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FCC judge rules that Knoxville's only Black-owned radio station can keep its license

Joe Armstrong, the owner of WJBE, is shown outside the station. A Federal Communications Commission judge rejected an effort by the agency to strip the license of WJBE 99.7 FM/1040 AM — whose call letters pay tribute to the original WJBE's owner, the Godfather of Soul, James Brown — Knoxville's only Black-owned radio station.
Institute for Justice
Joe Armstrong, the owner of WJBE, is shown outside the station. A Federal Communications Commission judge rejected an effort by the agency to strip the license of WJBE 99.7 FM/1040 AM — whose call letters pay tribute to the original WJBE's owner, the Godfather of Soul, James Brown — Knoxville's only Black-owned radio station.

A Federal Communications Commission judge rejected an effort by the agency to revoke the broadcast license of WJBE 99.7 FM/1040 AM, Knoxville, Tennessee's only Black-owned radio station — allowing the station to continue broadcasting.

In a ruling handed down on Sept. 14, a judge ruled that WJBE's owner, Joe Armstrong, should not have his broadcast license revoked — despite the agency's concerns over Armstrong's old felony conviction for a tax crime, one that occurred years before he took ownership of the station in 2012.

Judge Jane Hinckley Halprin, the agency's administrative law judge, concluded in the ruling that Armstrong's conviction was an isolated event, saying that "enough time has elapsed to show that Mr. Armstrong has remediated his wrong."

"If I was being permanently punished for the mistakes I made in my past, [WJBE] wouldn't be in existence — nor would this station be recognized for the programming that we're bringing to Knoxville," Armstrong, a former long-serving state representative in the Tennessee General Assembly, told NPR.

"[The judge] looked beyond my faults and saw the community's needs," he added.

WJBE is known for being a fixture in the Knoxville area, serving as a source of news for the Black community — being very much a community-oriented station, Armstrong said.

The station broadcasts local news and weather, church services, emerging artists, free advertising for struggling small businesses and, in recent years, information about the COVID-19 pandemic.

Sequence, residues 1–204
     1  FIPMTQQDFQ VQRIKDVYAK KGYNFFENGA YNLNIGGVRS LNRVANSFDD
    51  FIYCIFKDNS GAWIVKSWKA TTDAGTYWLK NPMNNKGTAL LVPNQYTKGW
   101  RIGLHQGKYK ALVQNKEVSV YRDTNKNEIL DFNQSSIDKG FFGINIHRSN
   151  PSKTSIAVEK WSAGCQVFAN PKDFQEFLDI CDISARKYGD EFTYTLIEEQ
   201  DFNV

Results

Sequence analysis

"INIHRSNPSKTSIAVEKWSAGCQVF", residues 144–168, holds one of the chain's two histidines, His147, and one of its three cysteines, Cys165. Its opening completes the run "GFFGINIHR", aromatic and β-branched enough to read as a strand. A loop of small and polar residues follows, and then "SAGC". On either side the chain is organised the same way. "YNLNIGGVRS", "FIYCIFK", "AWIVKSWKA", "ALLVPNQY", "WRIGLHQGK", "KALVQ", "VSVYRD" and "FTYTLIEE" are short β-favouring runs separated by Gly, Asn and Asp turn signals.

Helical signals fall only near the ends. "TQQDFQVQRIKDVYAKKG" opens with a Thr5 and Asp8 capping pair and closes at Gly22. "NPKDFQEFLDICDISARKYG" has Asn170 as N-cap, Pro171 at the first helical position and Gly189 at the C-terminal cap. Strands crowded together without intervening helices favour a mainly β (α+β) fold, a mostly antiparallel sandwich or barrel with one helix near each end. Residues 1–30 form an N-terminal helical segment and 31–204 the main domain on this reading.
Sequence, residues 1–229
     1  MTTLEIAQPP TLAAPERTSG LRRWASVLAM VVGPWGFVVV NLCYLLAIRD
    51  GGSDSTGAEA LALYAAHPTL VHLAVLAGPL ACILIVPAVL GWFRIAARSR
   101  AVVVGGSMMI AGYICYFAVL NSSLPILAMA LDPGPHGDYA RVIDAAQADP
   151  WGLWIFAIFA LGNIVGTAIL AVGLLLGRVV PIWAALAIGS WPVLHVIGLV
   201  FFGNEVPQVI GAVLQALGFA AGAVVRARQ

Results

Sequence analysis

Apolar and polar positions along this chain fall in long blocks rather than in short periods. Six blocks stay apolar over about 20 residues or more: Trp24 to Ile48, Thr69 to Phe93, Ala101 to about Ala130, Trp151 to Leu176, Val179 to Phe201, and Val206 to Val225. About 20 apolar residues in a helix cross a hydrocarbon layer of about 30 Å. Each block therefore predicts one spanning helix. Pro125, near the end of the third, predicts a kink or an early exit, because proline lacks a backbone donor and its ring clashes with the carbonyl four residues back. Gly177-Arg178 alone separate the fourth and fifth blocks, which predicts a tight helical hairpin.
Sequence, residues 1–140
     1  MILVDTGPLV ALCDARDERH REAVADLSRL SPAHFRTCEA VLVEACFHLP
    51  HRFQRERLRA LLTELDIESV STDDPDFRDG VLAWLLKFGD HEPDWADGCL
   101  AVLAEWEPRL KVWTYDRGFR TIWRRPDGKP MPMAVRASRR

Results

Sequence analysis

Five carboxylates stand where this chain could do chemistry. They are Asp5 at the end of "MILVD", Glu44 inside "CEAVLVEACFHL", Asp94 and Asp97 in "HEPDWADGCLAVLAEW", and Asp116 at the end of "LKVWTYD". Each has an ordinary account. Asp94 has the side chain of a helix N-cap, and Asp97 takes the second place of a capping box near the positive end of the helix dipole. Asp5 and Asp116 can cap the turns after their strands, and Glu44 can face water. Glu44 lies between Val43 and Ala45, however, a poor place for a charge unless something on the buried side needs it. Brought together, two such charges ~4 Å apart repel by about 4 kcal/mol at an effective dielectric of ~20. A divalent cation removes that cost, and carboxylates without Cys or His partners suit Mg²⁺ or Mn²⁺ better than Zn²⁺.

But for the last two years, WJBE — whose call letters pay tribute to its original owner, the Godfather of Soul, James Brown — has battled with the FCC over Armstrong being able to own a radio station with integrity following his conviction in 2016 for making a false statement on his tax return.

The agency argued that Armstrong breached ownership regulations due to his prior conviction, as they attempted to implement its 33-year-old character qualifications policy for radio license holders.

"It's not like this is something that happened, let's say, this year or last year — we're talking about something that happened in 2008," Armstrong told NPR in a June 2023 interview.

Nearly 15 years ago, Armstrong and a partner legally bought cigarette tax stamps that were later sold for a profit following the Tennessee legislature's vote to increase the state's cigarette tax, according to the Institute for Justice, a nonprofit public interest law firm that helped Armstrong fight the case.

His accountant reportedly did not properly pay the taxes on this sale and as a result, Armstrong faced trouble with the IRS.

In 2016, Armstrong was acquitted of most of the charges against him and was convicted of only a single count of making a false statement on his tax return. (His accountant, Charles Stivers, was convicted of tax fraud and was granted probation in 2017.)

Armstrong's civil rights, including his right to vote, were restored in 2020. In 2017, Armstrong says he let the FCC know about his conviction, which he says had caused no issues up until 2022.

But despite all efforts, the FCC still raised concerns about his ability to run WJBE.

Andrew Ward, the attorney who represented Armstrong in the case, told NPR that an old personal tax violation shouldn't prohibit someone from holding a broadcast license.

"The government should not get in the way of people working because of irrelevant criminal convictions," Ward said. "It happens all the time. It was irrational here and it's irrational when it happens anywhere."

The FCC did not immediately respond to NPR's request for comment regarding Armstrong's case. The agency has the option of appealing last week's decision, but it is unclear if it will choose to do so.

Copyright 2023 NPR. To see more, visit https://www.npr.org.

Jonathan Franklin is a digital reporter on the News desk covering general assignment and breaking national news.